Social worker criticised for flawed Re B-S assessment in care proceedings

A judge said the social worker put too much emphasis on the report of a psychologist who did not know all of the evidence, rather than making her own assessment

The social worker failed to balance the pros and cons. Photo: REX/ Ikon Images

A social worker has been criticised in court for relying too heavily on the report of a psychologist when seeking a care order for a nine-year-old boy, rather than making her own independent assessment.

This led her to make a flawed balance-sheet assessment, an approach that was reaffirmed in the Re B-S case.

All realistic options

The boy, AN, has been living with his father since January this year, after his mother’s mental health difficulties and substance misuse meant she was no longer able to care for him and his siblings.

The father, referred to as F, was a heroin addict for most of his adult life but had been clean for the last two years.

Since AN came into his care, the boy’s school noted improvements in his school work, appearance and behaviour.

Judge Ralton told the court the social worker had failed to robustly assess all the realistic options for the child.

He said it was clear from her oral evidence the social worker was planning for AN to remain with his father, and only changed her mind after reading the psychologist’s report.

But this report was written before all the evidence subsequently known to the council came out, including reports from the school that AN was fitting in well and receiving reward certificates.

The social worker, however, decided AN would be better off in a therapeutic foster placement, and sought a care order

Psychologist’s report

On reading the psychologist’s report, the social worker closed her mind to the possibility of the boy remaining with his father, according to the judge.

He said as a result the social worker made a “serious error” in how she used the balance-sheet approach to evidencing decisions in care proceedings. This approach is used to analyse each of the realistic options for a child, and weigh up their pros and cons.

The social worker decided the child should not be rehabilitated to the care of either parent but the judge made clear:  “The balance sheet exercise for rehabilitation cannot be identical to the balance sheet for removal and it is removal which the council seeks.”

Although the judge agreed it would not be appropriate for the child to live with his mother, he said it was notable the social worker had failed to consider this as an option.

Therapeutic foster placement

The judge found her assessment of F’s parenting was not balanced or reliable because it did not properly acknowledge his successes as well as his shortcomings.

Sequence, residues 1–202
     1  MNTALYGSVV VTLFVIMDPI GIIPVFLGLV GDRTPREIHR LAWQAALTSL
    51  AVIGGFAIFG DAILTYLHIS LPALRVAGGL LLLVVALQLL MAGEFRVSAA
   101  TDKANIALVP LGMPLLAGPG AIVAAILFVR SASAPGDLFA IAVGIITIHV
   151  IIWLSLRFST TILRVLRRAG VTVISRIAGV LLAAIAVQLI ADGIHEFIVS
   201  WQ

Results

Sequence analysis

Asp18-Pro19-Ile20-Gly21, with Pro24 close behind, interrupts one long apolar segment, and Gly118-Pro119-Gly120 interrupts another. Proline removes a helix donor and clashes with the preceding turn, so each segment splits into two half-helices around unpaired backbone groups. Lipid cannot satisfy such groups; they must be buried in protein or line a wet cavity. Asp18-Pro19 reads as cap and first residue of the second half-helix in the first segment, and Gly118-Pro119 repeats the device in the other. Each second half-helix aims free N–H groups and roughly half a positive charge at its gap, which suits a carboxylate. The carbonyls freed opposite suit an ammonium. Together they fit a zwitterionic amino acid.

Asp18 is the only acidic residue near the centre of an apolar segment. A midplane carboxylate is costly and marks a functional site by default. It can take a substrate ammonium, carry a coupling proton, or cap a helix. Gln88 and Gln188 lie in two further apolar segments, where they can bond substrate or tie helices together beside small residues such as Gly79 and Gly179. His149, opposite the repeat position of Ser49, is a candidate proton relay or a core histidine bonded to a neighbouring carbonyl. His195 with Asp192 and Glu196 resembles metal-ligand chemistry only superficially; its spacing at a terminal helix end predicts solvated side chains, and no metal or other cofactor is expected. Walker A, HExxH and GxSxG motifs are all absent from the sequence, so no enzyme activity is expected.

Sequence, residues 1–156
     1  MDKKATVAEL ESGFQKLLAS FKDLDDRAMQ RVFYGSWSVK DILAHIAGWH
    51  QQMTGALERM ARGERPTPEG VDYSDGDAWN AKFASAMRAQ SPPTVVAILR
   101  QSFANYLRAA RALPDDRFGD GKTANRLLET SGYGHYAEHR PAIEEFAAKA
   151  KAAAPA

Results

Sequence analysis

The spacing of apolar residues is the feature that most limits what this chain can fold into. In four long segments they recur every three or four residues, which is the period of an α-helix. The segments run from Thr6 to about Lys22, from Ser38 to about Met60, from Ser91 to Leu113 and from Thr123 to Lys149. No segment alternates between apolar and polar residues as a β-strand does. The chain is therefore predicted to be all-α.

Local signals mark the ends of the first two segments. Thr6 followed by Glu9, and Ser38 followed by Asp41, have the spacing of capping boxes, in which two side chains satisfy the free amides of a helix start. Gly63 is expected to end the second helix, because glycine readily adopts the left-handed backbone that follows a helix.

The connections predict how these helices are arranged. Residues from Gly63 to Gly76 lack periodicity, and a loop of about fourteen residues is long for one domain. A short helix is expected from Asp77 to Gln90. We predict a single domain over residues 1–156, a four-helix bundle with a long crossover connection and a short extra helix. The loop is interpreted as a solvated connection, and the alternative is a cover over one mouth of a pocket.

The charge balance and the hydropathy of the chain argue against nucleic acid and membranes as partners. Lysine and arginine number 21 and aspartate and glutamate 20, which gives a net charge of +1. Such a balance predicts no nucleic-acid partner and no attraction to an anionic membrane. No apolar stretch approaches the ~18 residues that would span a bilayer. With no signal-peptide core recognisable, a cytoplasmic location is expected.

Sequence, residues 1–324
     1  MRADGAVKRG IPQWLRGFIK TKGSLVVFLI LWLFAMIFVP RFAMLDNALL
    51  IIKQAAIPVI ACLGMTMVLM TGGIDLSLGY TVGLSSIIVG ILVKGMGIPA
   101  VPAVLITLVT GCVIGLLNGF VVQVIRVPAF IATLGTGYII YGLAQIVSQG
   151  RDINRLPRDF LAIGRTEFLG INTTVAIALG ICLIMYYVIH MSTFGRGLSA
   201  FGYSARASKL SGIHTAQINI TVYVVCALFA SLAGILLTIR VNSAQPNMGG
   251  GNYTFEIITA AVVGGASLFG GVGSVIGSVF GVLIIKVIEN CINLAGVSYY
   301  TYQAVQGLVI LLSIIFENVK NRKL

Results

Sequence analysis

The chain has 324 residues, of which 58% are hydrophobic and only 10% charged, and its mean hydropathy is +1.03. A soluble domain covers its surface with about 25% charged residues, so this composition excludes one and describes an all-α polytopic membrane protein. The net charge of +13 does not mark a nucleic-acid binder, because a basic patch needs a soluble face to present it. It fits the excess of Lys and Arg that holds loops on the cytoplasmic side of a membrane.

Not enough credit had been given to F’s self-awareness and willingness to engage with services, according to the judge.

The social worker said there was evidence the boy was suffering significant emotional abuse in the care of his father. She added if he remained in his father’s care, any opportunity for therapeutic work would be lost.

But the judge said he did not accept this as F was “plainly open to AN receiving therapeutic work”, and had in fact arranged to receive support for parenting strategies from a pastoral lead at AN’s school.

While AN might do well in a therapeutic placement, the judge said he could not consent to it as this would be “social engineering”.

He also felt that being separated from his extended family, school friends and current child and adolescent mental health services (CAMHS) support would be detrimental.

The judge concluded the child should remain with his father but be made subject to a supervision order so the council could support the continued placement.

Judge Ralton also outlined a litany of other failings in Swindon Council’s decision-making in the case.

Litany of failings

Despite being involved with the family since 2000, during which time the council recorded incidences of domestic abuse, drug and alcohol addiction and neglect, the children were not placed on child protection plans until December 2014.

The judge described this as a “quite extraordinary” delay for which there was “no satisfactory explanation”.

The council was also criticised for the way it presented evidence in court. The bundle of relevant documents presented to the court was prepared with “no care or thought and no effort was made to put the papers in a sensible order,” according to the judge.

The judge said any future bundles presented in this way may be rejected and the council might be made to cover the costs of time wasted.